Amos Lee on learning from Levon Helm and the music that inspires him


There are two kinds of people who like Amos Lee: those who were listening to popular music in the 1970s, and those who wish they had been born sooner so that they could experience music in the 1970s. Because Lee has built his career by evoking the trademarks of that era, with his folksy songwriting, lazy Sunday morning vocals and a touch here and there of melodic funk.

That’s certainly the kind of thing you hear on Lee’s latest full-length Mountains of Sorrow, Rivers of Song. Ahead of Lee’s gig tomorrow night at the Uptown, we dialed up the artist from the road and chatted with him about a few of his influences. 

The Pitch: You brought in Patty Griffin and Alison Krauss – two of my personal favorite artists – on your last album. Do you have any favorite stories to share?

Amos Lee: Alison and I spent a little bit of time with Jerry Douglas in Scotland doing this recording called the Transatlantic Sessions. That was the first time I had ever really been in a room with her while she was singing, and there was something perfect about it to me. She was super cool. We just got to talking with each other in Scotland, and that laid the groundwork for her working on the album. She’s just a badass.

When I listen to Mountains of Sorrow, Rivers of Song, I hear a million different influences. I feel like you hopscotch through genres.

I love all kinds of music. Even if someone says that you’re country, I don’t really know what that means anymore. Country music today is really different than country music 40 or 50 years ago. My first introduction to music was kind of similar to a lot of people. I listen to a lot of pop music. As a teenager, I was listening to a lot of hip hop music, and I got real into ’90s R&B. I got a job at a record shop when I was 20, and started listening to old jazz, and then got a job at the college radio station and got really into Indian and world music, and then I got into singer-songwriter stuff, and it just goes on and on. My ears never stop finding stuff that I like. So when I’m inspired by something, I tend to write like that.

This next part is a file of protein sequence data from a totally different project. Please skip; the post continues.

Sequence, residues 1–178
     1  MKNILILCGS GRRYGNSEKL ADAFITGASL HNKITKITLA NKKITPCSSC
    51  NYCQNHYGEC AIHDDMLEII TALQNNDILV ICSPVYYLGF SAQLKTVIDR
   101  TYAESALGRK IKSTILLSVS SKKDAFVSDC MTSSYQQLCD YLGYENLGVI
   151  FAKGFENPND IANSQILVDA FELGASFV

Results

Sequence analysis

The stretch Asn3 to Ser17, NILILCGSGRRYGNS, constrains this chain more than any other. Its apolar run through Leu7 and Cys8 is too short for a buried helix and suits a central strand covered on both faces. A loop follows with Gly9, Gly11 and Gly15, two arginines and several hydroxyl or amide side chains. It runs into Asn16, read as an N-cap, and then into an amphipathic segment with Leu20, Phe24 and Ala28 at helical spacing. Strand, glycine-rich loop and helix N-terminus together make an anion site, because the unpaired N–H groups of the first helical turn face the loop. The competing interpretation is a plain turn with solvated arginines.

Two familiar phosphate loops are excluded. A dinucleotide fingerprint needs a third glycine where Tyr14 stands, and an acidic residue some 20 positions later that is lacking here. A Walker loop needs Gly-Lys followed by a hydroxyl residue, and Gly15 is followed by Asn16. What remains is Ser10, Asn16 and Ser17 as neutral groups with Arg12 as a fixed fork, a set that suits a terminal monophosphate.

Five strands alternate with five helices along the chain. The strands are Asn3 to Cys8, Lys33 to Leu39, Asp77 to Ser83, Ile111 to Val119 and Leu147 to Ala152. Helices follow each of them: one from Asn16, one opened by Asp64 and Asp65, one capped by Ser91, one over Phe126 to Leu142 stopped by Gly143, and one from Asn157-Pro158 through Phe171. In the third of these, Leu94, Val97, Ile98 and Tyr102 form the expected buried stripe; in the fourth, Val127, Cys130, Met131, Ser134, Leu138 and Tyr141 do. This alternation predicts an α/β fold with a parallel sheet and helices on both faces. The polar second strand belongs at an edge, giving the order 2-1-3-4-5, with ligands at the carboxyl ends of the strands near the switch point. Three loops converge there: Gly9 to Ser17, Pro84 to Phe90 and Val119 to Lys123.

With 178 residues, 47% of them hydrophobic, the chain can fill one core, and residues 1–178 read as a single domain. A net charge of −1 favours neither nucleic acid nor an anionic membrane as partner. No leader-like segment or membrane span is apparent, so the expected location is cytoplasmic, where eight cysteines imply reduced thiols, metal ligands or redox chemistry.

World music? Really?

Yeah. Some of it was like… Irish music. Some traditional Irish music, earlier Paul Brady stuff. Some of it was old Gospel, Reverend James Cleveland. There was Solomon Burke. Clarence Carter. Patty Griffin. Lucinda Williams. It ran the gamut of a lot of different things.


You have such an interesting story – going from being a schoolteacher to bartending and now to a huge country-cum-neo-soul success. At what point in your life did you realize that music was your thing?

It was sort of a slow burn. There were a few times that I was so inspired that I was like, “I really need to check this out.” It’s always touched me in a pretty serious place. But I was a little more pragmatic about things. When I got done teaching, I just decided for the next two years, I was gonna be chill and play music full time and see if it works out. I knew I was gonna like writing songs, no matter what the deal was. That was in 2002. And by the end of 2004, I was opening up for Norah Jones in Europe.

You’ve said that some of the songs on the album were inspired by Levon Helm. I mean, I love Helm, but I’m wondering – what specifically about his music is inspiring to you?

We did a [Midnight] Ramble in 2010. It was just… it was a “Come to Jesus” moment. Give yourself over to it and not be concerned with anything that was going to be going on in that moment, and sometimes it’s a heavy burden to bear. Most of the time it’s a heavy burden to bear. He could let that happen and still not lose the moment. He taught me that it’s a constant reassessment. You always have to be keeping yourself real. You have to keep perspective on what your place is in the world.

Your songs seem to work from a very personal place, and you’ve enjoyed a lot of success for that – it’s something that reviewers and fans like to say about you, your songwriting appeals to people, it relates.

All we’re trying to do is connect. Spin around in their brain a little bit. Feel good about their lives. There’s too many different people that have too many different wants for music. For us, it’s just about trying to maintain that connection with people. 

Amos Lee is at the Uptown Theater on Tuesday, March 4. Details here.
 

Categories: Music